By Miles Evans
Alright I touched on Movabletype and SEO this last week in my best movable type plugins article with the intent to come back and provide some specific details. I will tell you that Movabletype is optimized quite well out of the box, but there are a few quick tricks to easily providing the spiders with some dynamic content.
For my main home page and category index pages I hardcode most of my meta data. Your meta tags will be at the top of the template within the <head> tag. You can get fancy on your index pages but I cannot really see why. Optimize these two templates by hand for whatever keywords you are targeting site wide.
The important part of your main index template is telling Googlebot what the title of your blog and lead article are properly. This is accomplished with heading tags. For the title of your blog you can do this:
And for your lead article do this:
<h2 id="a<$MTEntryID pad="1"$>">
<a href="<$MTEntryPermalink$> rel="bookmark" title="<$MTEntryTitle$>"><$MTEntryTitle$></a>
This is pretty much essential as we know that all search engines give weight to heading tags. You should do this as well in your archive templates.
So let’s focus on the individual archive template as this is the page you want ranking well in the SERPS. From my testing the code I use on two separate blogs (this one and PlanetBangkok) the results show up very neat and tidy in Google, Yahoo, and MSN. By this I mean the title and description fields are what I am expecting them to be. Here is an example with Google from last weeks: Article Post Robot Review (hopefully I am still front page).
Ok back to you meta tags but this time go into your individual archive template. Take a look at the following from my own page:
<title>ProfitPapers | <$MTEntryCategory$> : <$MTEntryTitle remove_html="1"$></title>
<meta http-equiv="Content-Type" content="text/html; charset=<$MTPublishCharset$>" />
<meta name="generator" content="Movable Type <$MTVersion$>" />
<meta name="author" content="<$MTEntryAuthor$>">
<meta name="keywords" content="<$MTEntryKeywords$>">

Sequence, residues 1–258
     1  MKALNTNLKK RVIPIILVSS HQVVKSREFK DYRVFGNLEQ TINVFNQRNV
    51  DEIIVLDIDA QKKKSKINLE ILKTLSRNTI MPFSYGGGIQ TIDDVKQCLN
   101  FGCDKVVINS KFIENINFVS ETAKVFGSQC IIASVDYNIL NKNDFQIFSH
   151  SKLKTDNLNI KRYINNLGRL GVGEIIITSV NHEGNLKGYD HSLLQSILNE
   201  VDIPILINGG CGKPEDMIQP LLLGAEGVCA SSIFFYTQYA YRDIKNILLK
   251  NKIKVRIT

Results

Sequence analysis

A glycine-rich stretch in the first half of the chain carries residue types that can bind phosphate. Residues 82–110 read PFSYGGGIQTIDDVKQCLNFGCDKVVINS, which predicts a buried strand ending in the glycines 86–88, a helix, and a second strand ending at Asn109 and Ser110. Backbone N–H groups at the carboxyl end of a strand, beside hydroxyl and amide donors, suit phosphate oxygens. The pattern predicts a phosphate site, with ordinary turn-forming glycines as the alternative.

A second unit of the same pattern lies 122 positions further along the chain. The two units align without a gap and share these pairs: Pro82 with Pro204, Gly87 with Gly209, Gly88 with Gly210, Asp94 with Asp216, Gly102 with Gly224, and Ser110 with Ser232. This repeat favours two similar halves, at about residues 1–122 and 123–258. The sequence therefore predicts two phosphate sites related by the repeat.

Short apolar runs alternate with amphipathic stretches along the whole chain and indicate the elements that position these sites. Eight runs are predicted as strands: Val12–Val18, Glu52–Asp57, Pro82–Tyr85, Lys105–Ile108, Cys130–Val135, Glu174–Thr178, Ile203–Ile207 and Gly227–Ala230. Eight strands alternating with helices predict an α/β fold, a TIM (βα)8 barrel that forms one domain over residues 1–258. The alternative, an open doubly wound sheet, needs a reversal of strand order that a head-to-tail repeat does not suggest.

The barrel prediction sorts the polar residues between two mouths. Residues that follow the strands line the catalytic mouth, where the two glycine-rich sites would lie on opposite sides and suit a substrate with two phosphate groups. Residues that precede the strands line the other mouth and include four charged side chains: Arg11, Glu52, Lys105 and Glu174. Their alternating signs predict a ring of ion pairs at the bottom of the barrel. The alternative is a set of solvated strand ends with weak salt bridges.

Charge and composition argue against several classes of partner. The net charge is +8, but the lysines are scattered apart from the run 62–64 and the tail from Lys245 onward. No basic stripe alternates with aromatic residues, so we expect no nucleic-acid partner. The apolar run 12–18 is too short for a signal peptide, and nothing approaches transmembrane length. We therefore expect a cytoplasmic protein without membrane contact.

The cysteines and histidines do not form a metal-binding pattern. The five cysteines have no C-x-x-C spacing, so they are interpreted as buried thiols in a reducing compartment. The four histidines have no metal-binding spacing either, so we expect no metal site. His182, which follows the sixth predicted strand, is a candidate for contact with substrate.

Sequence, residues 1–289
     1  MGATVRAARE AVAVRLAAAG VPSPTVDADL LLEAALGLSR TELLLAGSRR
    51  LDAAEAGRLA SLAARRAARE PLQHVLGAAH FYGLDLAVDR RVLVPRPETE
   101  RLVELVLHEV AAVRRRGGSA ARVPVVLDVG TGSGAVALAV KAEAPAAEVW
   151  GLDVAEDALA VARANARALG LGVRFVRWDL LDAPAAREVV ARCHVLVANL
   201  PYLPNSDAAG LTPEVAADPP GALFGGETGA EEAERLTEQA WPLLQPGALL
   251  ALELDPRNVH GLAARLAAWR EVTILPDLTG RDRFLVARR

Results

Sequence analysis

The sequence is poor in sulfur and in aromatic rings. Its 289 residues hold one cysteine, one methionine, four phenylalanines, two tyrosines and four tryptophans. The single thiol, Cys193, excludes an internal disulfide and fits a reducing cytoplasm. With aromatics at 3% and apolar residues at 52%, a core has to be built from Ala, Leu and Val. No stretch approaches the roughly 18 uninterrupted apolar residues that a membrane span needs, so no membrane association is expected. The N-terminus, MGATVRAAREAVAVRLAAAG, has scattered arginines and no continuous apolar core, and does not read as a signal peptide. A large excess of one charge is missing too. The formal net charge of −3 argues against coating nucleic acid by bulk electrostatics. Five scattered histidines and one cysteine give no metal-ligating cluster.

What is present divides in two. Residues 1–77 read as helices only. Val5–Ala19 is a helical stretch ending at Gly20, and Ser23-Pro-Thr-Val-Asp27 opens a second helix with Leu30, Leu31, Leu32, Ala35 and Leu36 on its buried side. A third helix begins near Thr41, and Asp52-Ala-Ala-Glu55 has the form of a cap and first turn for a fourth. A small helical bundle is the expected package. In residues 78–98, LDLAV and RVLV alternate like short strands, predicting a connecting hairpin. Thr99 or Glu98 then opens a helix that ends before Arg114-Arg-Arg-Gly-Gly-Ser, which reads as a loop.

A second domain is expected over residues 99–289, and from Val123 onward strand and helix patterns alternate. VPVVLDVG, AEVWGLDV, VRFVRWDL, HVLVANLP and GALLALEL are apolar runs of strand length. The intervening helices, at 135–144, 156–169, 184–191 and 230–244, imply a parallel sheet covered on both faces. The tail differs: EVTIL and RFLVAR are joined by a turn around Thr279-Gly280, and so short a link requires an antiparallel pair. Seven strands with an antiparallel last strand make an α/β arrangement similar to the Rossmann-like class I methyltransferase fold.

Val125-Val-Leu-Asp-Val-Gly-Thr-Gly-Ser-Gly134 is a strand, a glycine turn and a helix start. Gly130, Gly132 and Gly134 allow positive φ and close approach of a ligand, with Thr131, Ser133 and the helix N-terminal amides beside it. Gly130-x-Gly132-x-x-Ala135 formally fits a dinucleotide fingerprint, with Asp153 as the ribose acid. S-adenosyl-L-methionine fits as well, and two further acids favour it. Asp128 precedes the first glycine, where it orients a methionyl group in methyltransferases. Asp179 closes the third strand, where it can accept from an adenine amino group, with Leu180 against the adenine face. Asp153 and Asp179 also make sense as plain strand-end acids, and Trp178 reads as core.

<meta name="description" content="<$MTEntryBody words="30"$>">
<meta name="robots" content="ALL">
<meta name="revisit-after" content="2 days" >
<meta name="reply-to" content="email@example.com" >
Most of this is self explanatory. Notice the <$MTEntryKeywords$> is being used to generate keywords from your entry page (you may need to turn this field on in the MT entry area). The meta description data is going to be the first 30 words from your entry body as I have done with <$MTEntryBody words="30"$> - so you should see some nice descriptions in the search results pages. Finally I structure my title to contain both the category and entry title – we all know yahoo loves them <title> tags mmm’kay.
Now one final caveat with meta data is the issue/non-issue of comment links. Personally I love comments, and I do not mind people adding a link to my articles as long as their comment has some meaningful input. Others disagree and feel that excessive comment links leak pagerank like a sieve. I'm not too concerned with this notion as the pagerank loss is minimal and Google has done its best discounting links from popular weblog software. So this is open to debate but for the record I do not bother.
If you want to stop Googlebot indexing your comment links you can simply place a robots meta tag in your comments template like so:
<meta name="robots" content="noindex, nofollow">
Finally page names are important to all search engines and URL's like /archives/09/12/i_need_skillz_bec.html are about as useful as tits on a bull. I use the dashify plugin to structure my page names for SEO. It's a 3 minute change - for details take a look at my best movable type plugins article.
And that is pretty much it. Of course how well you do in the actual search results pages depends on many factors outside the scope of this article, but doing your meta data properly is pretty much square one. Having said that it is also well known that Google ignores most of your meta tags. I was snooping through Matt Cutts page source the other day and noticed he uses no meta info at all. In fact you might notice that many large websites pay no attention to meta tags …Regardless these tags are still important for Yahoo, MSN and the rest of the stragglers and Google seems to always uses my descriptions properly for its results.
Although dated i still think Nicholas Carvine's article on Movabletype SEO is one of the best online.
I hope someone finds this helpful. If I missed something cool and useful let the comments fly.
For a free copy of MovableType 3.2 please visit the Movabletype Homepage.
This article was posted on March 08, 2006